Letters From the West

Idaho Power chooses to stay with coal for now

The Jim Bridger Coal-fired Power Plant in Wyoming is one of region's largest greenhouse gas sources

The Jim Bridger Coal-fired Power Plant in Wyoming is one of region’s largest greenhouse gas sources

Idaho Power Co. will keep its share of coal-fired power plants in Wyoming and Nevada for now.

The investor-owned utility released the results of a study it did that shows that keeping its coal-fired power plants in the utility’s long-range plan is economically preferable to closing them and replacing them with natural gas plants, renewable energy or energy efficiency despite increased costs to meet rising environmental standards.

In an update to its 2011 Integrated Resource Plan, Idaho Power officials said it plans to keep the Jim Bridger plant near Rock Springs, Wyo., and the North Valmy Generating Station near Battle Mountain, Nev., in its resource portfolio. A third plant, at Boardman, Ore., already was slated for closure by 2020.

The study, which includes analysis from both Idaho Power and a third-party contractor, was filed today with utility regulators in Idaho and Oregon.

The company is currently developing its 2013 IRP, which will forecast customer demand and the preferred portfolio of resources to meet that demand for the next 20 years.

“Based on the research and the facts as we know them today, it’s clear that continuing to maintain and upgrade our coal plants is the best option for our customers, both in terms of cost and in reducing risk by maintaining a diverse resource portfolio,” said Tom Harvey, joint projects manager for Idaho Power.

Based on the planning scenario used in the study, continuing to operate Jim Bridger and Valmy over the next 20 years would save Idaho Power’s customers over $1 billion when compared to the cost of converting each of the units to natural gas, officials said.

“Ultimately, all of these options are going to increase costs to our customers,” Harvey said.

The Idaho Conservation League’s energy expert Ben Otto said Idaho Power’s coal report has some serious flaws.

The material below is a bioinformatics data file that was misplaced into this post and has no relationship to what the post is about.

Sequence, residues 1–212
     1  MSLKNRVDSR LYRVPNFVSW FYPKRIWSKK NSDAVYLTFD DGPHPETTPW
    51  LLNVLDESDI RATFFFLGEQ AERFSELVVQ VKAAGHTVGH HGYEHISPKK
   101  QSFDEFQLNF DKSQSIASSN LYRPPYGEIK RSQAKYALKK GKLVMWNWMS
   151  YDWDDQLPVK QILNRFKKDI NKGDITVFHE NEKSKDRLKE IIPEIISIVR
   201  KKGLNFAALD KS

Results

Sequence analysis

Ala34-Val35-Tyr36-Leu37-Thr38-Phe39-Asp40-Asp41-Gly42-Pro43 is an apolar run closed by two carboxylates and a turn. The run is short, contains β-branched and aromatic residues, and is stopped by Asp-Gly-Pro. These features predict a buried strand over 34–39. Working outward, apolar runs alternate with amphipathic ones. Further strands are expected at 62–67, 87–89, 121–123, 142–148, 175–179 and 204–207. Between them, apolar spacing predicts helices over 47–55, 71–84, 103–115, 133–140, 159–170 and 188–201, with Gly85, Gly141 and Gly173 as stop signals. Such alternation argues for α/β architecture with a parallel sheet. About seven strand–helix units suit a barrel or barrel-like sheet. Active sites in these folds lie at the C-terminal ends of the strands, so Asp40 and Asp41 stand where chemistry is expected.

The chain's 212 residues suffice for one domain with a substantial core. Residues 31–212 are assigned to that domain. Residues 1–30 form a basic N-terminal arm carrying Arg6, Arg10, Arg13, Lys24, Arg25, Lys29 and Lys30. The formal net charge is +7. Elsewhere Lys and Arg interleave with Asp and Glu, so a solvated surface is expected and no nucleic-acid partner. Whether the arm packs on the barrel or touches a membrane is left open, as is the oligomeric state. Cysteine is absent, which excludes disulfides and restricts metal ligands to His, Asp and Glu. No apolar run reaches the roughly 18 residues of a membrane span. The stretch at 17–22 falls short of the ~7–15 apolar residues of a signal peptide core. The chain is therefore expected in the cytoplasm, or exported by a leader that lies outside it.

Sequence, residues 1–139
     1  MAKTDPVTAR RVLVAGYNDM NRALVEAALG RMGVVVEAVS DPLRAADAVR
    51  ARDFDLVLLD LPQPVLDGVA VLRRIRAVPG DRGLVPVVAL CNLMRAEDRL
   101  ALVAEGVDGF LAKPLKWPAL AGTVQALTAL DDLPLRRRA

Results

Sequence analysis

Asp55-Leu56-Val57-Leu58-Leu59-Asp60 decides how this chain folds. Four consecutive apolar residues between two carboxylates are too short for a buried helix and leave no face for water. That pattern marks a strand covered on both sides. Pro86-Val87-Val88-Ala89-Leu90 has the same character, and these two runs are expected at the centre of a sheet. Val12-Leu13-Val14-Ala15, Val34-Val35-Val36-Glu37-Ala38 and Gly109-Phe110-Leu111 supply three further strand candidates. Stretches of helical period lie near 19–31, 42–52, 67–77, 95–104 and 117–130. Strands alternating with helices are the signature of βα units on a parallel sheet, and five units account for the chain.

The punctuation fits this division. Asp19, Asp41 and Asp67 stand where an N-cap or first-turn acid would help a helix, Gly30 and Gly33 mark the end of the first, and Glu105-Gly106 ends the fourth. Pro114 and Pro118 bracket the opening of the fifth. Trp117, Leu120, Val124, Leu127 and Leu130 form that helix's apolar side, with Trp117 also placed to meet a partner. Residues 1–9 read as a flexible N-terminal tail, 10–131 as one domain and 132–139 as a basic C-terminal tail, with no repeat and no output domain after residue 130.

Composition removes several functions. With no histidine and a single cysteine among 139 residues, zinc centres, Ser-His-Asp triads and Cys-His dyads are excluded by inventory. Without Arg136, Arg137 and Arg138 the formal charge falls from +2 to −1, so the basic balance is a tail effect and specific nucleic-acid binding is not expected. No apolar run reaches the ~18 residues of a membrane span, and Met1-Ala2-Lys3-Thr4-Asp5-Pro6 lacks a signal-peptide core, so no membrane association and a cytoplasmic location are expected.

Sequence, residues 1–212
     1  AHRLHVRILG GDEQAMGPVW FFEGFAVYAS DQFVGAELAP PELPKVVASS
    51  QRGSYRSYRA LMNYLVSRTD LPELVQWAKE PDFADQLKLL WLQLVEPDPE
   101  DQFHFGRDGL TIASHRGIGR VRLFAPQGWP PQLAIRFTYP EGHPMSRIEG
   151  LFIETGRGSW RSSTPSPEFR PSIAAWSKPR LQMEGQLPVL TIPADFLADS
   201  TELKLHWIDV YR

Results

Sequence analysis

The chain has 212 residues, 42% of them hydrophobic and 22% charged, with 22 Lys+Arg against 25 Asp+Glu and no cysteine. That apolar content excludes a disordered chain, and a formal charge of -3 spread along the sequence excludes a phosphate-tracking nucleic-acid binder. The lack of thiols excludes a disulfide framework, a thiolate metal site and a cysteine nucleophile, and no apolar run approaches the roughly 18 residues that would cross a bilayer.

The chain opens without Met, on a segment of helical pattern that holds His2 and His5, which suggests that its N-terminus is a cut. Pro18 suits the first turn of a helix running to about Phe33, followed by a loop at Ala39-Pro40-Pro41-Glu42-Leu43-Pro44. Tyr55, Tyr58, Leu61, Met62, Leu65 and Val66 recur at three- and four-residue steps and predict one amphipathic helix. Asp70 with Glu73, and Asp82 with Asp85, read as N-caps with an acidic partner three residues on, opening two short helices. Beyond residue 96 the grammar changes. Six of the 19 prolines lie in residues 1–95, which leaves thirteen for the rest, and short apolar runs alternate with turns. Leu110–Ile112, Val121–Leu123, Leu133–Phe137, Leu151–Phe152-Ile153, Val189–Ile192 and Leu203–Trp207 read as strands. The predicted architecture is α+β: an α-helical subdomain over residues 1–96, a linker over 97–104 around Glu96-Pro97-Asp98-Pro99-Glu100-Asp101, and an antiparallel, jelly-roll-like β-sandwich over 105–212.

“It may have concluded coal they plan to stick with coal,” Otto said. : But that is not the last word.”

Otto said the planning sudy did not even consider coal ash pollution, which could become a huge liability and added costs particularly for Valmy.  EPA will issue coal ash regs this summer.

The Wyoming Public Service Commission is holding hearings on the Rocky Mountain Power Co. proposal to spend the money on the environmental upgrade to determine if they are prudent.

Idaho Public Utilities Commission officials said previously they will decide whether to weigh in until after Wyoming’s hearings. The Idaho PUC doesn’t have to rule on the Integrated Resource Plan but Oregon, who originally called for the study, may decide on its own whether Idaho Power’s analysis is valid.

Rocky Barker is the energy and environment reporter for the Idaho Statesman and has been writing about the West since 1985. He is the author of Scorched Earth How the Fires of Yellowstone Changed America and co-producer of the movie Firestorm: Last Stand at Yellowstone, which was inspired by the book and broadcast on A&E Network. He also co-authored the Flyfisher's Guide to Idaho and the Wingshooter's Guide to Idaho with Ken Retallic. He also was on the Statesman’s team that covered the Sen. Larry Craig sex scandal, which was one of three Pulitzer Prize finalists in breaking news in 2007. The National Wildlife Federation awarded him its Conservation Achievement Award.

Posted in Letters from the West